“I was out this morning doing my same running path I used to do in the morning," he said.

Morgan said during his time supervising schools in Cleveland, he instituted performance management sessions for all CMSD principals, something he’s carried with him to Indianapolis. He said it’s an important goal- and priority-setting metric that sets people up well for the rest of the year.

He also instituted a student advisory council, similar to outgoing CMSD CEO Eric Gordon, while he was in Cleveland and Chicago schools, which he said has helped him remember to center student needs in everything he does.

What they got done at other institutions

Morgan noted Indianapolis Public Schools has had some of the biggest gains in the state of Indiana after the pandemic-era school closures ended, with the school district being “number one in the state” in terms of its growth in English language arts scores and in math.

“We were the only district to surpass where we were pre-pandemic,” he said.

Morgan said one of the biggest initiatives in Indianapolis he’s worked on has been its Rebuilding Stronger Plan, a massive overhaul to make sure there’s equitable access across all school buildings to a “high-quality curriculum." That’s a common complaint in big cities, including in Cleveland – that wealthier parts of the city have better school amenities and course offerings than those in poorer parts of the city.

“We make sure that all students within eighth grade will have access to Algebra One, making sure that all students have access to foreign language and also that music is there,” he said.

Morgan said throughout his career he’s been grappling with student-based budgeting models which provide schools with more funding based on how many students attend the school, and is working with the finance team at Indianapolis schools currently to rework that model.

Torres, in his previous role as executive director of special education at Seattle Public schools, said he undertook a big listening tour with students and families who received those special education services who had complaints about that system. That lead to rewriting the district’s instructional policies, special professional development for teachers and increased language interpretation services when families needed one-on-one help with a school staffer.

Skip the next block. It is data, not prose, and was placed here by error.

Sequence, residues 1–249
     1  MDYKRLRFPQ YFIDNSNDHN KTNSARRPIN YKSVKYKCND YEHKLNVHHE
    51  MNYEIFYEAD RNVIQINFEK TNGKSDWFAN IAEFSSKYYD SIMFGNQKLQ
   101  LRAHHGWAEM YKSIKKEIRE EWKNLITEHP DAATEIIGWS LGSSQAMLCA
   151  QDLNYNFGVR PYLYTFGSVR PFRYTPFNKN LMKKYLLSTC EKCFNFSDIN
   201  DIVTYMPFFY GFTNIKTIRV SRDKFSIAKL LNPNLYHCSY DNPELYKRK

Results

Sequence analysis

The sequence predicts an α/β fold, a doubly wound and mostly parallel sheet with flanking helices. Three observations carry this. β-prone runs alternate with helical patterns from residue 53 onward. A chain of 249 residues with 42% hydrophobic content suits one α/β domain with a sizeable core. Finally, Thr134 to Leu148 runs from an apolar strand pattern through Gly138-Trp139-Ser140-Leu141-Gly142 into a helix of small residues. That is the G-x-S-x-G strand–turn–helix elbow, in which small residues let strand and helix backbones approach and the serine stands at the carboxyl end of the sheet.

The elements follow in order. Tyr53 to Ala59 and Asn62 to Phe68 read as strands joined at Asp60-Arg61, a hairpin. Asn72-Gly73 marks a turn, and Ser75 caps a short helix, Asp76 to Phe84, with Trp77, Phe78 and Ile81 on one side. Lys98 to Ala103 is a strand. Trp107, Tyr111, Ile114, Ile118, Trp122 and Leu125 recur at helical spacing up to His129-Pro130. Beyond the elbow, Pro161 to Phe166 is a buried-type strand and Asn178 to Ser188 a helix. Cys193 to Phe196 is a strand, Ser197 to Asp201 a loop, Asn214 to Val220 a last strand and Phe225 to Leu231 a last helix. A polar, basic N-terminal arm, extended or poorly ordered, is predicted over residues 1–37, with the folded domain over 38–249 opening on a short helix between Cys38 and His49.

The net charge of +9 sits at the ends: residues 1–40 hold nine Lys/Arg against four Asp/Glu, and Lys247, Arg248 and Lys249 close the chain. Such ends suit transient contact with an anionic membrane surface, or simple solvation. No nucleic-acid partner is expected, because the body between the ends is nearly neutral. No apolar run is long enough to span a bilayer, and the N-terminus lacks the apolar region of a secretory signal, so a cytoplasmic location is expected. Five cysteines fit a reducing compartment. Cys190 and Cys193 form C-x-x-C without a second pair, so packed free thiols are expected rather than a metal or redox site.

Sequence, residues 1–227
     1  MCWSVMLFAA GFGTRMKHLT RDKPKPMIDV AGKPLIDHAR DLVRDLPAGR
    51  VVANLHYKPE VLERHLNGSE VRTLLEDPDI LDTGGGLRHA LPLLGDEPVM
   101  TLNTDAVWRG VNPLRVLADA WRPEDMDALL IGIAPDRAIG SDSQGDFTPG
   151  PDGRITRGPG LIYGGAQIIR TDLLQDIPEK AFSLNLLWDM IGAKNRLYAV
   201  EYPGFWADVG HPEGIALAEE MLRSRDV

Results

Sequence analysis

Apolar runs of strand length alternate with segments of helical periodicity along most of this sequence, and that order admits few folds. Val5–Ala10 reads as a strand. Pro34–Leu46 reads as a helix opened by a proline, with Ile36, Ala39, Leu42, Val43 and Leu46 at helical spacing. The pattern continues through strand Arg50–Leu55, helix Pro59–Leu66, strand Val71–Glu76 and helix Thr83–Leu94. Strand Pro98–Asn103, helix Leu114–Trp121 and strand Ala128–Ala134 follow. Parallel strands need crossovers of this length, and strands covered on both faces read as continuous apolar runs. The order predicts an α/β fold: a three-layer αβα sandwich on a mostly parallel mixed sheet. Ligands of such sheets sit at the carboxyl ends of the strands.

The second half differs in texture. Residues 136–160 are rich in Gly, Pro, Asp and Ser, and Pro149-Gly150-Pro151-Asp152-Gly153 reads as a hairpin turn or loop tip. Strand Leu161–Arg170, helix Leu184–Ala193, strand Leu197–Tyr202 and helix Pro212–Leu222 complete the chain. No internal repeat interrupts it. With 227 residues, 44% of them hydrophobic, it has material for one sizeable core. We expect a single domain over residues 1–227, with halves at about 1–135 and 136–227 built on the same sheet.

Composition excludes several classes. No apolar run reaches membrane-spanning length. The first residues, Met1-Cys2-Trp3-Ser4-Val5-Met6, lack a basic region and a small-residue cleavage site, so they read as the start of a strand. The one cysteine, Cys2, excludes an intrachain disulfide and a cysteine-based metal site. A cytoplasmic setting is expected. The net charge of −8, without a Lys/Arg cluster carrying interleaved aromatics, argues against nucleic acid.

He also helped create a taskforce to examine inequity around special-education programs based on students’ race.

Torres said he tries to go into buildings to hear from students and staff directly.

“If you were to see my calendar and my schedule, there is time where I go into different schools all over the city, from pre-K-through-eight schools to high schools to dual language schools,” Torres said.

Neither candidate is coming from a school district without its own blemishes during their tenures. The Washington State Department of Education ordered fixes at Seattle Public Schools to make up for what it called "excessive delays to in-person instruction" for students with special needs during the pandemic. Meanwhile, the Rebuilding Stronger Plan at Indianapolis Public Schools touted by Morgan isproving controversial and facing delays due to an associated push for significant tax increases. Both public school systems face enrollment declines, like many other large urban school districts, and the prospect of closing buildings and consolidating schools along with them. And both schools, like CMSD, face serious race-based achievement gaps for students.

What’s their number one priority? And what would they change?

The students who interviewed the finalist candidates asked them what they would most like to change about CMSD.

Torres said he wanted to boost students’ academic outcomes, noting he’s long wondered about what the “missing piece” is in CMSD that could lead to boosted achievement.